Housing: Foreign ownership is not the problem


Fightback is running a series of articles on the housing crisis in Aotearoa/NZ.

Ian Anderson (Whanganui-a-Tara/Wellington) and Bronwen Beechey (Tamaki Makaurau/Auckland) examine the centre-left focus on foreign ownership, and argue rather that private capitalist ownership is the problem.

For more on the housing crisis, see Urban Housing is an Ecosocialist Issue, Housing Under Neoliberalism, Desperate people: Christchurch’s Slum Dwellers, or Living Outside the Rainbow: Queerness and the Housing Crisis.

Bankers warned early this year of a drop in property prices; a bust to follow the boom. It would be overconfident to pick an exact date. But when (rather than if) the crash comes, we need to understand the fundamental problem if we can hope to address it.

One narrative places the blame on foreigners. The New Zealand Labour Party recently threatened to bar non-residents from buying existing residential homes. Strangely, Australian investors were excluded; if speculation is the problem, why not restrict all investors?

Labour’s policy is symptomatic of a general tendency to scapegoat foreigners (particularly Asians) for deeper economic problems. Local investors still routinely donate to the Labour Party; foreigners are easier to blame.

Another form of scapegoating blames immigration itself for the housing shortage. A number of letters to the editor in the mainstream press have suggested that migration be reduced or halted until the housing shortage is remedied.

This generalised anti-foreign sentiment obscures class divisions. A “non-resident” may be an economic migrant, moving to New Zealand for work, not yet past the red tape of legal residency, and trying, along with other low-income earners, to find affordable accommodation while facing the additional burden of discrimination by landlords. As Labour indicates, “non-residents” may also be overseas property speculators with no plan to live here.

Locals also speculate on the housing market, gambling with houses they never plan to live in. Depending on who you listen to, foreign buyers own around 4% (according to property investor Peter Thompson) or 7-10% (according to former Labour leader David Shearer) of homes in Aotearoa/NZ. This is less than a quarter of all homes owned by non-occupiers; around 40% and counting according to Statistics NZ.

It’s worth distinguishing here between personal property and private property. Understandably, many want ‘a place of their own’, as distinct from a commodity to trade. As Marx and Engels underline in The Communist Manifesto, capitalism itself abolishes and undermines many forms of personal property:

We Communists have been reproached with the desire of abolishing the right of personally acquiring property as the fruit of a man’s own labour, which property is alleged to be the groundwork of all personal freedom, activity and independence.

Hard-won, self-acquired, self-earned property! Do you mean the property of petty artisan and of the small peasant, a form of property that preceded the bourgeois form? There is no need to abolish that; the development of industry has to a great extent already destroyed it, and is still destroying it daily.

Capitalist private property means that the ‘value’ of houses can be anonymously exchanged, sold on for personal gain. Marxists call this the contradiction between ‘use value’ (a place to stay) and ‘exchange value’ (a property to sell). Although house prices are partly a problem of supply and demand, there are by most estimates more empty houses than homeless people; the drive for profit is the fundamental problem.

It’s tempting to simply portray bankers and other financial institutions as parasitic; they don’t produce anything. While some (often anti-Semitic) conspiracy theories suggest that bankers are perverting the natural course of capitalism, profitable financial institutions are necessary to generalised capitalist production. Banks centralise the means of exchange, and lend out the initial capital for private production:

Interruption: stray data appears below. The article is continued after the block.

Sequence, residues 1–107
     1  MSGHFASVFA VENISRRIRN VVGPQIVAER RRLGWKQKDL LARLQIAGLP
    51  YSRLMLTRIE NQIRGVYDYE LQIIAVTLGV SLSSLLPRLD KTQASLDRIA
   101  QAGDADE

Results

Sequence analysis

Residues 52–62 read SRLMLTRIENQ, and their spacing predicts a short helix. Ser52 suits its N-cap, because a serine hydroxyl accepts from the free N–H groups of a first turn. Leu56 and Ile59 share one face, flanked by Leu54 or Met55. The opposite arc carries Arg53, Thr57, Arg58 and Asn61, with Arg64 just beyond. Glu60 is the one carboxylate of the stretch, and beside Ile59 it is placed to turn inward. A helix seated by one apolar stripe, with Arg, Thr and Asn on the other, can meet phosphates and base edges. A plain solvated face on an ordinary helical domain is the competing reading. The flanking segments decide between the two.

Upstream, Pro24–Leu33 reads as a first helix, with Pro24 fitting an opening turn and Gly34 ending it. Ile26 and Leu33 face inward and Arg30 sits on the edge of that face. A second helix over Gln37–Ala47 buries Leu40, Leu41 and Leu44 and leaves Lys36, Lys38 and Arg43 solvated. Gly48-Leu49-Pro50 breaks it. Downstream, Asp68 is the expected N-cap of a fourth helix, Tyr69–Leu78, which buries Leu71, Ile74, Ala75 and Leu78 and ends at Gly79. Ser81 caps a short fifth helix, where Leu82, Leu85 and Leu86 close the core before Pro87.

When the system of exchange is relatively simple, the personal knowledge and trust of individual capitalists may guarantee the quality of debts incurred, but in a complex market system this cannot form an adequate foundation for the credit system. The bank seeks to institutionalize what was before a matter of personal trust and credibility (David Harvey, The Limits to Capital).

Banks and financial institutions must also make a profit – which means interest, predatory lending, speculation, incentives to gamble with workers’ lives as poker chips. Trade in houses as commodities undermines the right to affordable housing, driving further extension of credit. Debt operates as a form of social pacification for an anxious middle class operating on a speculative bubble (Joel Cosgrove, Housing Under Neoliberalism). Ninety per cent of private debt is in housing.

Alongside proposing barring non-residents from buying houses, Labour also proposed a Capital Gains Tax. As a direct tax on profiteering, this is a better policy than xenophobic scapegoating. That said, many countries, including the US and UK, already have a Capital Gains Tax – speculation and property booms still run rampant. Market mechanisms cannot address a problem produced by the market.

Only strict restrictions on market activity, combined with a democratically planned expansion of public housing, can begin to address the root of the crisis. Capitalist parties will not grant this willingly.


  1. you can’t say that’s it not a part of the problem though.Foreign owners and other investors buying up properties for rental profiteering, pushing up house prices & rent, reducing supply, plus the fact that unrestricted/unregulated immigration pushes up the population causing strain on infrastructure, pollution and ecological/environmental degradation. You can’t buy into the capitalist ethos of growth, growth, growth.

  2. Housing costs are the result of many things but I can’t imagine captain cook sailing up to NZ to see people with no whare sitting under an upturned waka because the people lacked the resources to build houses and hoping if only more people turned up the economy would grow enough to build a new whare and the extra ones for the new people.

    This could be a long post but here goes.